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Create an Effective Donor Stewardship Plan In 5 Steps

12 min read
March 03, 2021
Allison Smith headshot
Allison Smith
Content Marketing Coordinator, Neon One
donor recognition

You do amazing work. You work to make the world a better place, and you partner with your community of donors to do it. But finding and engaging those donors adds up to a ton of work overall. How can you make the most of it?

The answer is to have a great donor stewardship plan.

Learning how to create and implement an effective donor stewardship plan will improve your relationship with your donors. You can use it to improve your retention rate, engage your supporters long term, and raise more money. Here’s how.

What is Donor Stewardship?

Donor Relations Puzzle. Donor stewardship is one piece, alongside donor cultivation and donor retention
Donor Relations Puzzle. Donor stewardship is one piece, alongside donor cultivation and donor retention

Put simply, donor stewardship is the practice of building relationships with your donors and keeping them engaged in your work. An effective donor stewardship plan will help you build a base of highly-engaged supporters. That will move you toward meeting some common nonprofit goals, like increasing donor retention, increasing revenue from recurring donations, and even inspiring people to volunteer at your organization or serve on your board.

A good donor stewardship plan will begin the moment someone makes their first gift. It will deepen the relationship between your new donor and your organization, help them understand how their support makes a difference in their community, and result in their support continuing for years to come. 

These plans will help you transform some of your donors from one-time supporters into lifelong givers. You may even discover some extremely passionate donors who choose to volunteer with you, make major gifts, or even plan a legacy gift in their will.

Why Does Having a Donor Stewardship Plan Matter?

Let’s be honest: Retaining existing donors is a challenge. And it’s a challenge for everyone! Lots of organizations—even large, well-established ones—struggle to retain their donors.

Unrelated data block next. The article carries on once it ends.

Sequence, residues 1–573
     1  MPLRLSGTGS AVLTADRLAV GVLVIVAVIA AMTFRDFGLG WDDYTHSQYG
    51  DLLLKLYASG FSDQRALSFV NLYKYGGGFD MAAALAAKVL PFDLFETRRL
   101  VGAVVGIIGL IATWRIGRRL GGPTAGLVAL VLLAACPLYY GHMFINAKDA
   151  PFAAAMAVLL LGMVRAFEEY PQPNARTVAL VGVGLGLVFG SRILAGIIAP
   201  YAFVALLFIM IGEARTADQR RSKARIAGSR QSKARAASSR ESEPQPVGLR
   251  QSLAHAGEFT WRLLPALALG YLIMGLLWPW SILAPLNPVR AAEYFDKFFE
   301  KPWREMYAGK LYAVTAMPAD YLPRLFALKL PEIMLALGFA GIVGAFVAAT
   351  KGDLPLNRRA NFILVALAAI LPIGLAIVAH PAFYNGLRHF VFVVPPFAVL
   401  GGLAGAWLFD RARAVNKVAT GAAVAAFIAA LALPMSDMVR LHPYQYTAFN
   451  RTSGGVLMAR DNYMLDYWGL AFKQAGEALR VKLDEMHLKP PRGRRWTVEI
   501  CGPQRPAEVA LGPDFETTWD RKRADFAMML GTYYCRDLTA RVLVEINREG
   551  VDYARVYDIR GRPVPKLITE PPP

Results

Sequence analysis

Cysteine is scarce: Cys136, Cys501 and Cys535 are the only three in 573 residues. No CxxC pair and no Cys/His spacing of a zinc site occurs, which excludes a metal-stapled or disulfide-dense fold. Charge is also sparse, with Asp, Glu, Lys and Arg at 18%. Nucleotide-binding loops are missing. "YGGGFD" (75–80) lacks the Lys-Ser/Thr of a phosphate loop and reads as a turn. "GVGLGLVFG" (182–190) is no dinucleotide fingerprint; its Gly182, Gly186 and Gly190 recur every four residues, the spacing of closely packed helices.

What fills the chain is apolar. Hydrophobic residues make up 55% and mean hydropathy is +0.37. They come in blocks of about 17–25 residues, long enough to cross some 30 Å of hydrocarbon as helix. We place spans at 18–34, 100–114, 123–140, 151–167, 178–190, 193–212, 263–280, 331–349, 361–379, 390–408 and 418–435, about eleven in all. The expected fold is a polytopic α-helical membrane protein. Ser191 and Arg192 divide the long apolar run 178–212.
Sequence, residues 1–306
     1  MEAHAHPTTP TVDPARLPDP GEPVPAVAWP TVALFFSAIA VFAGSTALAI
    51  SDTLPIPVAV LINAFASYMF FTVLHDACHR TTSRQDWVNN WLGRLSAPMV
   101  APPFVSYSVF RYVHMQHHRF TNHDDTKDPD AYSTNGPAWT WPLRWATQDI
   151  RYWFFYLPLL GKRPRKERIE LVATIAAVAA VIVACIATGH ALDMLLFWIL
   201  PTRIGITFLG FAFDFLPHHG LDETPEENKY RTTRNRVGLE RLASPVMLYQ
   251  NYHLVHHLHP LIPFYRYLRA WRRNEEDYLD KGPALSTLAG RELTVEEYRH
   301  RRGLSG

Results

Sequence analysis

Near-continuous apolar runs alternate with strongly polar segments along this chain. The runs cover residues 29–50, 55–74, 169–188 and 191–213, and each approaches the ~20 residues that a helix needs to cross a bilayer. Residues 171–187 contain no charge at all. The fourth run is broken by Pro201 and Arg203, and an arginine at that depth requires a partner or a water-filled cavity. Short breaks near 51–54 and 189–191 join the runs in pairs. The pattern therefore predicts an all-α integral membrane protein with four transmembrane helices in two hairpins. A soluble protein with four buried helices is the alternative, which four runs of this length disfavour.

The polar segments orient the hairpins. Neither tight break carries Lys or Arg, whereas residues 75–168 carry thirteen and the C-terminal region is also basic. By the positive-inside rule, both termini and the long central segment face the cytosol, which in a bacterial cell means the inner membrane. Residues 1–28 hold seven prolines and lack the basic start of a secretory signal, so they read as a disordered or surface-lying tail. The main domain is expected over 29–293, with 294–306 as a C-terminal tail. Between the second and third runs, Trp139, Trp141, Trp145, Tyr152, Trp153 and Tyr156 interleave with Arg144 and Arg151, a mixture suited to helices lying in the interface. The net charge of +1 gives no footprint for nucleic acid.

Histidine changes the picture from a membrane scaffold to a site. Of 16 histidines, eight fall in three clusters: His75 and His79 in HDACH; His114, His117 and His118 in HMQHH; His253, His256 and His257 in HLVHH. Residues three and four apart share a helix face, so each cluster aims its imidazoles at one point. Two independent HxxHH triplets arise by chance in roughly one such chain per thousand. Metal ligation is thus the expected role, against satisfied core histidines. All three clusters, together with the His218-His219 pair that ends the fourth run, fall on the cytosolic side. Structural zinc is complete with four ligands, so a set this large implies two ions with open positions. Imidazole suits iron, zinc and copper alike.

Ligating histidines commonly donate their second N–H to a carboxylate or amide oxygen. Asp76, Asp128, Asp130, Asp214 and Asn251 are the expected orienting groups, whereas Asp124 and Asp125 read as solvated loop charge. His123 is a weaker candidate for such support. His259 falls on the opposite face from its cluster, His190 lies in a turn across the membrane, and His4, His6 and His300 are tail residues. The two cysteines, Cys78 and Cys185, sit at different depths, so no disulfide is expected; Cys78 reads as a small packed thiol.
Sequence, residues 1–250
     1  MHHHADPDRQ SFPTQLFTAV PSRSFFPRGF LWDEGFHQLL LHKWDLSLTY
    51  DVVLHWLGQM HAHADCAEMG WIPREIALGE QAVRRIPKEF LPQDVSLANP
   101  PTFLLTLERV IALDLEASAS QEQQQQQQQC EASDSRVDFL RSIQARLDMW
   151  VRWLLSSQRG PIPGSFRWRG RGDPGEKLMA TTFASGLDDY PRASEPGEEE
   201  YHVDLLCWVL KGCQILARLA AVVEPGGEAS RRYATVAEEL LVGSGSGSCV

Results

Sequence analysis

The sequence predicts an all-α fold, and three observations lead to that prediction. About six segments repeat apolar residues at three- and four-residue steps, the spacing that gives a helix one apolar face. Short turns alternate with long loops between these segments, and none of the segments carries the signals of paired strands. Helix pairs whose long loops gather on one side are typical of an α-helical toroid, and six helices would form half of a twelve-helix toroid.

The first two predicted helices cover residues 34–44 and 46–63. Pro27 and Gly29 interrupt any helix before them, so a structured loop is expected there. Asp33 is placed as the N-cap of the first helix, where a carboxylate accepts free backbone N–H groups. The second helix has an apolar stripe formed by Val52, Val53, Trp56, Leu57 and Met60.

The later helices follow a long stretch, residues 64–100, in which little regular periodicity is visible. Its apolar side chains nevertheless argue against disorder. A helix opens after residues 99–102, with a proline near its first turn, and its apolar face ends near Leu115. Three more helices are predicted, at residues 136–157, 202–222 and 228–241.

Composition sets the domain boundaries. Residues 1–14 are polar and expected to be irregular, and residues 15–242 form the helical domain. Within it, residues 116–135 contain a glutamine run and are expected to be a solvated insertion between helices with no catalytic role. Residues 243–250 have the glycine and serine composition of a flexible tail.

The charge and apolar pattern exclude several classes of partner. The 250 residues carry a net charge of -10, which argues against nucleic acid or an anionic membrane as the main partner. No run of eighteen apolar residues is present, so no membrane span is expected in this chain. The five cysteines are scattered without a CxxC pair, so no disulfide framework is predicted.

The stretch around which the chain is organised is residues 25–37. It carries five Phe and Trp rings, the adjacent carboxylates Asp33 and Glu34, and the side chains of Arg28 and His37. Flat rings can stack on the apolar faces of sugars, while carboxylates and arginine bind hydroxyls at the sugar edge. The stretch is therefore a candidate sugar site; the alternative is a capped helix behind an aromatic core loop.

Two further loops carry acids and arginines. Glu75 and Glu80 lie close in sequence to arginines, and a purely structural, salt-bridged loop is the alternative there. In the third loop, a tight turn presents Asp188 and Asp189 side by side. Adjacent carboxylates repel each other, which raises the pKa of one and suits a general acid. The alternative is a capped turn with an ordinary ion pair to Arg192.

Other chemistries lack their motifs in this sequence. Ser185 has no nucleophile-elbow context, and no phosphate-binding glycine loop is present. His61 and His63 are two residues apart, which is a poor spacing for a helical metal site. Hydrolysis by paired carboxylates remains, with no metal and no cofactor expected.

This often means that nonprofits spend large amounts of money to reach, inspire, and recruit donors only for those supporters not to make a second gift. 

On average, only 34% of donors will make a gift in the following year—and that percentage is even lower for one-time donors. Once you obtain a first-time gift, how you choose to engage with your new donor will determine how likely they are to give again in the future.

That’s where a great donor stewardship plan comes in.

If your nonprofit nails an effective donor stewardship plan, you can make a positive impression on your supporters and encourage them to give again in the future. This is an important tactic if you’re looking to build a sustainable fundraising program: As a general rule, repeat supporters have a far higher lifetime donor value than those who never make another gift.

The average donor retention rate is 34%. Only 34% of your donors this year will give again next year
The average donor retention rate is 34%. Only 34% of your donors this year will give again next year

At first, investing time and resources into building a great stewardship program seems like a tall order. But the effort will pay off: Cultivating and maintaining donor relationships will ensure your organization’s success for years to come.

The Difference between Good Donor Stewardship and Great Donor Stewardship

It’s vitally important to give your donors a great experience after they’ve chosen to support your work. Whether you’re completely new to fundraising or are simply looking for new ideas to build into an existing donor stewardship plan, this section will outline a few ways you can create a next-level plan for keeping your donors engaged.

Think Outside the Box

You may already be working on some of the basics of a great donor stewardship plan. You do all the right things: You send thank-you letters within 24 hours of a gift, you report donors’ impact, and you send tax receipts promptly. You may even hold a yearly appreciation lunch for your loyal donors. What else can you do? 

Get creative! Ultimately, your goal is to become so successful at stewarding that you know many of your donors personally and understand how your supporters prefer to interact with you. As you think about how to work toward that goal, brainstorm new ideas with your team.

You may also want to consider sending surveys to loyal donors and volunteers to learn what they’d like to see from your organization. They may give you some unexpected ideas you hadn’t considered before, like:

  • Facility tours so they can see their support in action
  • Community meetups or volunteer opportunities
  • Peer-to-peer fundraisers or donor-hosted events
  • New formats for updates, impact reports, or annual reports

Don’t be afraid to try something new, and remember that it’s okay to try things that aren’t immediately successful. Even a tactic that flops can teach you something important!